Early Diagnosis linking Big Data – hope or nightmare? (L4)

Big Data and the number five.

Big data has been seen during the last years as one of the most promising fields in health. By having access to large amounts of information, which might have been originally collected for other purposes, and using computer science and statistics, it could be possible to extract valuable and unexpected information. This could provide new treatments and new diagnosis tools for patients.

During the session, Dietmar Berger (Genetech) and Marc Wortmann (Alzheimer’s Disease International) discussed Breast Cancer and Alzheimer’s Disease, respectively. These two diseases were presented as examples where Big Data could have a big impact. These are two conditions where early diagnosis has a crucial importance on the treatment. But the impact could go as far as the support provided for patients during their life. So, Big Data could have a tremendous influence, by discovering new risk factors, new ways to diagnose and new ways to follow-up patients.

However, while Big Data can look trivial to some, it is quite the opposite from that. In Big Data, five is a very important number, we have learned from Reinhard Riedl (BFH Center Digital Society). So, we should never forget both the 5 pillars and the 5 challenges that follow:

Five pillars:

  1. Data quality and access – Data should be relevant and there should be an authorization to use it.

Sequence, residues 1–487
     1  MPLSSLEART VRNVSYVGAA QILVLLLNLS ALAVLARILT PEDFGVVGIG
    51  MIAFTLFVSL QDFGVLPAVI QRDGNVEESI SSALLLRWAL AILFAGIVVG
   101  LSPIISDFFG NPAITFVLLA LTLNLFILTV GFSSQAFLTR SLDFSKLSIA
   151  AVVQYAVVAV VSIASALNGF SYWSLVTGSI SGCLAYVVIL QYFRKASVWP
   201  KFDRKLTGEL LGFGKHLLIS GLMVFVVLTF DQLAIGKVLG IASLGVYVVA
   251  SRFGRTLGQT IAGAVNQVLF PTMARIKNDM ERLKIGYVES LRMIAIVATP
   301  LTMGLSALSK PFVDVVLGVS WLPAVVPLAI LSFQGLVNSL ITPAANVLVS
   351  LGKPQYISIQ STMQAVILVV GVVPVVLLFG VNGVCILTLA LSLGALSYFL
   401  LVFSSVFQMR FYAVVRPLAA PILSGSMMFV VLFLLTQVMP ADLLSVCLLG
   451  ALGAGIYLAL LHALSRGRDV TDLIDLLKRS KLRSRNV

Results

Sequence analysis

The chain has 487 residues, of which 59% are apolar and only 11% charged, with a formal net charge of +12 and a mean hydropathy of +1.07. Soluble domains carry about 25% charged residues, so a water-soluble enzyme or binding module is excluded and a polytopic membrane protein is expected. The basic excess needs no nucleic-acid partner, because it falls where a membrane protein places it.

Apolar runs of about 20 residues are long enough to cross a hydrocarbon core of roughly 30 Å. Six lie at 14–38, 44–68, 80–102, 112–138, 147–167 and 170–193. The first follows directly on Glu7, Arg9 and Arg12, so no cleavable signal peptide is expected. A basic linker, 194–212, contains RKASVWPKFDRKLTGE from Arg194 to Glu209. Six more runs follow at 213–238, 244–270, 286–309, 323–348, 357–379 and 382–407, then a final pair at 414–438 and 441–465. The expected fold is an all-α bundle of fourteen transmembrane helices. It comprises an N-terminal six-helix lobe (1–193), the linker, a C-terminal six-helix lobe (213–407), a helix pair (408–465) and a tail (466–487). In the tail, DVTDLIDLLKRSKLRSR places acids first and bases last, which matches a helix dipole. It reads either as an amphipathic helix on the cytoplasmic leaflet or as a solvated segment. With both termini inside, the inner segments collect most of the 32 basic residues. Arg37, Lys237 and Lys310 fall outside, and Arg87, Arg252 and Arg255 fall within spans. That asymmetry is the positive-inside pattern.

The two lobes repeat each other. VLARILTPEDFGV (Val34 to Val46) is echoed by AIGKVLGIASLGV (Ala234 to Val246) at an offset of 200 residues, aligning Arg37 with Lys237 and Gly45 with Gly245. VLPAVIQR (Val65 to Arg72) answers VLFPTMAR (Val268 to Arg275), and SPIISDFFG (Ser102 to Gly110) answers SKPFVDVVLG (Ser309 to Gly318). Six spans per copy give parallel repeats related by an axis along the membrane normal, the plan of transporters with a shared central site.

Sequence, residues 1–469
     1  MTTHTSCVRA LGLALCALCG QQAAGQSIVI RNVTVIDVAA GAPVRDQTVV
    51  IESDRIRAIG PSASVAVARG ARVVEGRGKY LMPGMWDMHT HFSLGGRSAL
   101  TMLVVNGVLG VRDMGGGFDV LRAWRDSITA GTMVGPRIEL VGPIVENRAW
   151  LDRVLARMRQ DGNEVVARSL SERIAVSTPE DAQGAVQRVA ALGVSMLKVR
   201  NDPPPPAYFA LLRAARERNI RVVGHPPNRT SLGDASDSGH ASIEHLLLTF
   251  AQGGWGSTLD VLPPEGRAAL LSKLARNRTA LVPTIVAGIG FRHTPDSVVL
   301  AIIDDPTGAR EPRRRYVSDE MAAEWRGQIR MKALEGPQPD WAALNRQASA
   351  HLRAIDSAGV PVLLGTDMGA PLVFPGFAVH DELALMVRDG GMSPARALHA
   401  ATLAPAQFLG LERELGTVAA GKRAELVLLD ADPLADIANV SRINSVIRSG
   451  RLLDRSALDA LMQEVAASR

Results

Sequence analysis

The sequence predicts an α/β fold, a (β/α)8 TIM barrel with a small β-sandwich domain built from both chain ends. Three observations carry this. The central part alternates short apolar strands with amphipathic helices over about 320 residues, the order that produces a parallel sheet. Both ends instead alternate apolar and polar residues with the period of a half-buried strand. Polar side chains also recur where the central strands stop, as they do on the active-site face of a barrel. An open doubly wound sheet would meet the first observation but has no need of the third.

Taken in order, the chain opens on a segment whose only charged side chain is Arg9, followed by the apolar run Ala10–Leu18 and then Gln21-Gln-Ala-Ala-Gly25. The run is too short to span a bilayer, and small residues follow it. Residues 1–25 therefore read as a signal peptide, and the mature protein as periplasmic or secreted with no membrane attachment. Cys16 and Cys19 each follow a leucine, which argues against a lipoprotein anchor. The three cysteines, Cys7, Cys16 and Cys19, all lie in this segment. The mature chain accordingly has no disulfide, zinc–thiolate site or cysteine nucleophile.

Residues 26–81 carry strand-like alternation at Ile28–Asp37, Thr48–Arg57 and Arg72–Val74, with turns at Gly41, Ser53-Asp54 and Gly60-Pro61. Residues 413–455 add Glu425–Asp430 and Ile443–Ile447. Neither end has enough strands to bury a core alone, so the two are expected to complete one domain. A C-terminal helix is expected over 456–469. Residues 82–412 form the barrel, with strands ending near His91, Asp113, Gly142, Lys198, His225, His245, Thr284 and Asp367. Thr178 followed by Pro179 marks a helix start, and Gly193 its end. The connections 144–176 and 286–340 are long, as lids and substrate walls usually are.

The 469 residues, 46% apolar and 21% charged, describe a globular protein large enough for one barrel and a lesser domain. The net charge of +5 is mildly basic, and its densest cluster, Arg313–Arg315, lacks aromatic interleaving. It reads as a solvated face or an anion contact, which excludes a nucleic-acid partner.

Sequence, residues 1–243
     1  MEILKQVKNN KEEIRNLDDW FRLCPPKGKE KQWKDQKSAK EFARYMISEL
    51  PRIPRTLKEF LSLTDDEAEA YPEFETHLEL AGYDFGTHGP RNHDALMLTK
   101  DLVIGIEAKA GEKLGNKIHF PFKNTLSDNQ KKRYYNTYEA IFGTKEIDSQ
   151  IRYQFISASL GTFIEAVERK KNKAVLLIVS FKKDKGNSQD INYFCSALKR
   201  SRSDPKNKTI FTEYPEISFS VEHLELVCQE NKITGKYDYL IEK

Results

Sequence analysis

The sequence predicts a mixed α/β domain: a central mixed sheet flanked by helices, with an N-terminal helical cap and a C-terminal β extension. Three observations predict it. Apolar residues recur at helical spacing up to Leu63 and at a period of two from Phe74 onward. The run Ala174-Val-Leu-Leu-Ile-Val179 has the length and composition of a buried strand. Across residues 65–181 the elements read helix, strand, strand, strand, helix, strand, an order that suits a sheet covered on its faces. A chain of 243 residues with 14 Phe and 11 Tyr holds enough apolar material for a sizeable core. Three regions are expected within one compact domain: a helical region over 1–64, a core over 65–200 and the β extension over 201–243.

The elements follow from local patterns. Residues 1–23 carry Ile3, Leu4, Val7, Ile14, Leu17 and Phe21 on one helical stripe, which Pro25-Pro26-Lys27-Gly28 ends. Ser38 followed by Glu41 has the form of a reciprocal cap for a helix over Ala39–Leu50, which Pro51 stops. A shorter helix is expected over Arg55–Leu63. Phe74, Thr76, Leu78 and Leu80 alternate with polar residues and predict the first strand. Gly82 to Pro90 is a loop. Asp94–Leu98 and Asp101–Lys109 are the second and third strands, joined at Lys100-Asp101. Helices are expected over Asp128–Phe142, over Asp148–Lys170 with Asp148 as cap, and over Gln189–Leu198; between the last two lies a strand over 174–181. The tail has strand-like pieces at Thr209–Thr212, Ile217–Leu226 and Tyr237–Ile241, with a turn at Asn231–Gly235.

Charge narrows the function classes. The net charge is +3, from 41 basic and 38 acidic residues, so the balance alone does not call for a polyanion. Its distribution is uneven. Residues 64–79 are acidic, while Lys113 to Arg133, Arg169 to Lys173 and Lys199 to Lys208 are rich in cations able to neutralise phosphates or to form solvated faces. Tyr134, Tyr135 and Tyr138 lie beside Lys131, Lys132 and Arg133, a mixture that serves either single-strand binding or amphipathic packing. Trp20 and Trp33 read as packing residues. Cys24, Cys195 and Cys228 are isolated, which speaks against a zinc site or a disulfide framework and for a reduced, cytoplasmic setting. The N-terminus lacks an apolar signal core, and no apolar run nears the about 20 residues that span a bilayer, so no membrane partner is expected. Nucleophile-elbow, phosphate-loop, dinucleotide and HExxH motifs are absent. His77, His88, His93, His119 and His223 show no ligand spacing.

2. Algorithms – We have to improve the algorithms since this is the magic ingredient for Big Data. A new profession could be created for this (algorithm analyst), as suggested by Ricardo Baptista Leite (Member of Portuguese Parliament).
  3. Having the right skillset – Keep on learning!
  4. Knowledge and understating – Grasping the big picture from the dots.
  5. Ethics – Think about personalisation versus discrimination.

Five challenges

  1. Accessibility of data – We need to make sure that personal data is available for personal health and research.
  2. Big data skills – New forms of education and the need to educate professionals on this area.
  3. Awareness of policy makers – Engagement for data usage and investment in research and willingness to use facts.
  4. Transdisciplinary collaboration – We need even more collaboration than what is known so far. Clinical and preclinical health experts, biologists, molecular biologists, computer scientists, mathematicians have to work together.
  5. Ethics beyond bureaucracy – Make it easy for researchers to reflect on the ethical dimension that they are using. Using big data without ethics is unethical. And not using big data is unethical. Think about this!
    With the five challenges and the five pillars in mind, we should face Big Data more realisticly. It will unravel a great new world of knowledge, but the path will be hard. But you know…with big risks come big rewards.

This article was written by the Young Gasteiners Luís Guedes, Durdica Morosevic and Ramona Ludolph and originally published on the blog of the European Health Forum Gastein

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